The fallout from the resignation of National Security Adviser Michael Flynn is not over. We have Russia, leaks, and palace intrigue about former Obama administration officials laying the foundation to topple Flynn, who was knows for being staunchly opposed to the Iran nuclear deal. Guy wrote a post about the allegations. Flynn misled the vice president, which alone is an act that warrants being shown the door. Yet, multiple writers, namely Damon Linker at The Week and Eli Lake at Bloomberg have noted another sinister angle to this story, which is the number of leaks of highly sensitive information coming from this administration. It appears as if the intelligence community is willingly leaking intercepted phone calls with Trump officials (Flynn) to hamstring the administration from governing. Linker is no fan of Flynn, but added that dissatisfaction with an administration is handled through things called elections. It is not the job of the America’s spies to sabotage the governance of whatever administration may be in power. Lake added that this could be just the beginning—and that more heads could roll (Conway, Bannon, maybe even the president himself).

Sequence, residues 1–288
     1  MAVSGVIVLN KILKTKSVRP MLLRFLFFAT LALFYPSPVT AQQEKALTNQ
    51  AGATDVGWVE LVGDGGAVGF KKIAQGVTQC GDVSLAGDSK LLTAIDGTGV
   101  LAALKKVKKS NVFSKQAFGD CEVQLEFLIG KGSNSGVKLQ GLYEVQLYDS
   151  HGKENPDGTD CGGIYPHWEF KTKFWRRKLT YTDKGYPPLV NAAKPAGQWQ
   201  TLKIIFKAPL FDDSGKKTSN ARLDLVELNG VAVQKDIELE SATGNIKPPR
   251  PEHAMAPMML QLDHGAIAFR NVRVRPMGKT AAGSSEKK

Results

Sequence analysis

Former CIA analyst and U.S. Army Reserve Lt. Col Tony Shaffer was pretty straightforward in his Fox Business appearance today, where he said that Obama officials were definitely behind the leaks—and even named a few of them (via Free Beacon):
"Risk and Reward" host Deirdre Bolton asked Shaffer whether he thought leaks from the Obama administration were "the problem."
"Absolutely," Shaffer answered, saying the Obama administration was "directly involved" with the leak.
Shaffer said the blame lay "squarely at the feet of" the former CIA director John Brennan, former director of National Intelligence Jim Clapper, and former deputy national security advisor Ben Rhodes.
Shaffer added that Flynn was a smart guy and probably didn’t discuss the area about Russian sanctions in the manner that’s been portrayed by the Left because he knew those calls would be analyzed and reviewed somewhere down the road. He agreed that what Flynn said was probably no different than when President Obama said told then-Russian President Dmitry Medvedev would have more flexibility once the 2012 election was over, which was an example cited by Bolton.
Shaffer noted that what Flynn said—when he called these various foreign officials—probably went along the lines of you’re going to deal with me, these are the issues on the table, and we might revisit them in the future. I agree that’s not necessarily illegal, but misleading the vice president by offering incomplete accounts of the conversations is an offense that could lead to one’s dismissal.
This isn’t over. Democrats are clamoring for answers.